(WTNH) – You might hear the term “child trafficking” and think it’s not happening near you, and certainly not in your own neighborhood. But the reality is that it’s happening in the United States and right here in Connecticut.

“Within the state, it’s happening a lot. You would never know because it’s a quiet crime,” said Detective Leonardo Soto, New Haven Police Department.

The statistics are alarming. At any given moment, about 4 million children worldwide are exploited in sex and labor trafficking.

“We are between New York and Massachusetts. We are the main hub or corridor,” Det. Soto said.

Detective Soto is part of the New Haven Police Department’s Special Victims’ Unit. He says in some cases, girls are trafficking from one state to another, driving through or stopping in the Elm City.

“If you stop here, the motels cost less,” Det. Soto said.

Most victims are trafficked by people they know or strangers who form relationships with victims then later exploit them.

It could be a family member, peer, romantic partner, educator, employer, community leader, or clergy.

Just this year, a woman was arrested for trafficking six victims between the ages of 13 and 17. She was their aunt.

“They were all young girls, all from New Haven, very young. They all came from broken homes. No dads, just nowhere to do. The aunt saw that, and she manipulated them,” Det. Soto said.

Victims can be lured with food, clothes, money, attention, friendship, love, and even the promise of a place to sleep.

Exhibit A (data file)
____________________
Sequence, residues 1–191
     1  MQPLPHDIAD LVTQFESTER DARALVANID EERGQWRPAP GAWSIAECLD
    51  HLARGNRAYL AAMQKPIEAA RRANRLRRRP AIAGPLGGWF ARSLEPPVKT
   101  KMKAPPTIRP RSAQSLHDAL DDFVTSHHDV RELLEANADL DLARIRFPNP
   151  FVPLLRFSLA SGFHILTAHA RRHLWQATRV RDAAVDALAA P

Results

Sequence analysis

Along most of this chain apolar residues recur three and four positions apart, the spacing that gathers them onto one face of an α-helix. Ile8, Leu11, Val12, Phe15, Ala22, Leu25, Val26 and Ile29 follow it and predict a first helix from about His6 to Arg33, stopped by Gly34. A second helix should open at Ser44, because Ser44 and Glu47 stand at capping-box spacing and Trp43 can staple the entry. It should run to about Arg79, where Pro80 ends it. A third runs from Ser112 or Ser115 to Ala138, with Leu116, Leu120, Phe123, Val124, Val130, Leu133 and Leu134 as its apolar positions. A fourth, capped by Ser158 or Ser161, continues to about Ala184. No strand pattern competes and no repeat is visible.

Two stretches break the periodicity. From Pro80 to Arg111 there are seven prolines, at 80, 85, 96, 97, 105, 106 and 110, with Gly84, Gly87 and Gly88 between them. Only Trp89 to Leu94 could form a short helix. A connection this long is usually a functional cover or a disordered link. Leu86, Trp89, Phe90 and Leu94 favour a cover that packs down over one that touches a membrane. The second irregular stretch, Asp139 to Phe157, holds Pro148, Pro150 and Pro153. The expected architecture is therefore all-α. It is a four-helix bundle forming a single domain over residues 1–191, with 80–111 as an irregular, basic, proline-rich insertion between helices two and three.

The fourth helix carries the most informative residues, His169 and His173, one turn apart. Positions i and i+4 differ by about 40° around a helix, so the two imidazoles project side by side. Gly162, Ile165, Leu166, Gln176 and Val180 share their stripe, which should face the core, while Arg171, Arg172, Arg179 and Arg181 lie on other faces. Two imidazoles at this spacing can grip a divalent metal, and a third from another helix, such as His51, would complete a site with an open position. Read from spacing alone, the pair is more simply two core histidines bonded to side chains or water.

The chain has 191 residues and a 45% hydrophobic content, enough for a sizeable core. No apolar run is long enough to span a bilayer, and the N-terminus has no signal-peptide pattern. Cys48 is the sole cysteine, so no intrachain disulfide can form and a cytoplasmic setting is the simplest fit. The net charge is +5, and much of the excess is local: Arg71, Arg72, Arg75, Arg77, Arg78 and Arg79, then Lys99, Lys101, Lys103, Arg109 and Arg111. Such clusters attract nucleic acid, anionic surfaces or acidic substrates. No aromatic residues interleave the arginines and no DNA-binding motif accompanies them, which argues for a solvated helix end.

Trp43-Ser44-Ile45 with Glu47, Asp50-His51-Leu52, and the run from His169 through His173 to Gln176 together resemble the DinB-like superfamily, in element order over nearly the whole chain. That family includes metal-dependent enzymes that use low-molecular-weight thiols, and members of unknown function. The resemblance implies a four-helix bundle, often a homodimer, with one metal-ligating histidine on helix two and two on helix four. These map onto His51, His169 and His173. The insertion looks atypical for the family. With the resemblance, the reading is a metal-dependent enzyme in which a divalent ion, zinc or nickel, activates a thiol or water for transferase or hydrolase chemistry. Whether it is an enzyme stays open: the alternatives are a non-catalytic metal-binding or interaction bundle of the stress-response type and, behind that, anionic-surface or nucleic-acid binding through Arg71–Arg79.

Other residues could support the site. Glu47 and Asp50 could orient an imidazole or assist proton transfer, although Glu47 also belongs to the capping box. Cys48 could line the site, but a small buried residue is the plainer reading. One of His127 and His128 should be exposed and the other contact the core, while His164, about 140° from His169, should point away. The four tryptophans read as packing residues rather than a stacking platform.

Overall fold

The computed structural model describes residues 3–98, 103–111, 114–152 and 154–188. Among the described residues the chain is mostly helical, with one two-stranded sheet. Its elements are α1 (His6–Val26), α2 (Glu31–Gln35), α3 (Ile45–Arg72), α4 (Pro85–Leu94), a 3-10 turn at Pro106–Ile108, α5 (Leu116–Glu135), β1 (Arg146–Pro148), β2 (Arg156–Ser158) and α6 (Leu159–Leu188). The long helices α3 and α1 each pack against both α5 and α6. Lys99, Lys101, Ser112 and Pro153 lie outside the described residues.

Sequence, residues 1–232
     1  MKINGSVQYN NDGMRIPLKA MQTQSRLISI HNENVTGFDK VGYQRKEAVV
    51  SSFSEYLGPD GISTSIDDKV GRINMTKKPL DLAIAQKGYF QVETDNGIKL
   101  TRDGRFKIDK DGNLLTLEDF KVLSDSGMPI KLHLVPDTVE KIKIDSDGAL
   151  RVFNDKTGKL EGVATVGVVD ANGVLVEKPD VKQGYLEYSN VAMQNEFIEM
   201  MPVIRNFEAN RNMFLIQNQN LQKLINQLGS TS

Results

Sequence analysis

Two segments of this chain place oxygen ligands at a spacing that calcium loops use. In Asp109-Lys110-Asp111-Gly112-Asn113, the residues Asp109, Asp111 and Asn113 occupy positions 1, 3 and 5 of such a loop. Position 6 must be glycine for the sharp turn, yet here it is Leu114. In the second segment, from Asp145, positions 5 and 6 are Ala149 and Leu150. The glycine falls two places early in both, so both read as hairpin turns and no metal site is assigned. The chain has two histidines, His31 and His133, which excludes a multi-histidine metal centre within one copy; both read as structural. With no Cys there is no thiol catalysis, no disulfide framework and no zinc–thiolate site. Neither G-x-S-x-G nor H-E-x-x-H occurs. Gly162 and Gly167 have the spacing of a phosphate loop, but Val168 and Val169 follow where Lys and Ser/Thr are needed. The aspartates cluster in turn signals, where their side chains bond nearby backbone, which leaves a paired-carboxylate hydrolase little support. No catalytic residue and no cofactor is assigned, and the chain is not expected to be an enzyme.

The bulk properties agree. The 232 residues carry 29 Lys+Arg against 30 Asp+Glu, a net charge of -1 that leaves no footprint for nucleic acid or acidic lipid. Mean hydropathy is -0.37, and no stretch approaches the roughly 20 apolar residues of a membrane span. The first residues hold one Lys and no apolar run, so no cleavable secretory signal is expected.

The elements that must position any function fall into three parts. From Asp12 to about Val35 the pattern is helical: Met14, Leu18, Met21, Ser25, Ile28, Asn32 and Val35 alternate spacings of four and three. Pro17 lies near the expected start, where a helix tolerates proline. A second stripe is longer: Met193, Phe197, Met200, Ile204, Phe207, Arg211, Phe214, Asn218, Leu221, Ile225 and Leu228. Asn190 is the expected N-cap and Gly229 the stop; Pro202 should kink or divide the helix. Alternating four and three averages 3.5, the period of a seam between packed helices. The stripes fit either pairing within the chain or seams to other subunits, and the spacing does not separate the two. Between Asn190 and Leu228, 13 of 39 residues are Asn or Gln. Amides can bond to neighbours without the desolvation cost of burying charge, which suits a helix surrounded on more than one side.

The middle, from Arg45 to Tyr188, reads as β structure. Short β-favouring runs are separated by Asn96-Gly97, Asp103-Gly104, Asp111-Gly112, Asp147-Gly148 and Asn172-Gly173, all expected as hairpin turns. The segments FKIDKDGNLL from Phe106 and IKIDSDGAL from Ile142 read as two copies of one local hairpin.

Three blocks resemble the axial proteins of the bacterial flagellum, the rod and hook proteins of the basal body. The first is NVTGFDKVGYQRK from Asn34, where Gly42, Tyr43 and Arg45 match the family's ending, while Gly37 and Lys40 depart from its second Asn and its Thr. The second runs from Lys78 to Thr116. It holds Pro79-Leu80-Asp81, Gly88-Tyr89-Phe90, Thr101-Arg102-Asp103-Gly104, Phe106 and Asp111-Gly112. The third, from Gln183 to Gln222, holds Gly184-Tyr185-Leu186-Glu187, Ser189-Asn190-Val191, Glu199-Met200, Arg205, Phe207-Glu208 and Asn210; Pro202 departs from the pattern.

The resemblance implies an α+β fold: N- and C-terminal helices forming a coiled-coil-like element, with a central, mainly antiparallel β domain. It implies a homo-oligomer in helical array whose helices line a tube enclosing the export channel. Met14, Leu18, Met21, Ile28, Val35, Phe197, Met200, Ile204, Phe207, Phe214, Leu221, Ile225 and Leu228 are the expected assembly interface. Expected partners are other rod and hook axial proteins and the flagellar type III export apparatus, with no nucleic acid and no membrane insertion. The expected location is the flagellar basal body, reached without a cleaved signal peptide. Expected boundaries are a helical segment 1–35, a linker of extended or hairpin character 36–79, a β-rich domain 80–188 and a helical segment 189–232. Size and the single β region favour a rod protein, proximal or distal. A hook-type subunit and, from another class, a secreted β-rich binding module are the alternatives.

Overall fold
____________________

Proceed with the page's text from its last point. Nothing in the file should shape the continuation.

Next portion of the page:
“This is what you’re going to see. This is what you’re going to be faced with. You’re going to see adults who want to try and gain your trust. They’re going to want to see photographs. They’re going to want to know where you are. They’re going to want to meet you,” Det. Soto said.

He says there are some warning signs you can look out for that may be indicators of child trafficking.

“If they like to run away on a Thursday night, and they come back on a Tuesday and their hair is done, and their nails are done, and they have new clothes and they have money, where you don’t know where it came from, that’s a red flag,” Det. Soto said.

That’s why he and leaders of other police departments state-wide say it’s critical to be on the lookout for this behavior and to be involved in your kids’ life, especially in the era of social media.

“Understand who they’re communicating with, maybe look at their accounts, share information with them,” said Chief Fernando Spagnolo, Waterbury Police Department.

They say by having these conversations early and equipping them with information, it could have a big impact later on.

“I think if we get them at a younger age and give them the tools of what to look for, I think it’s going to help,” Det. Soto said.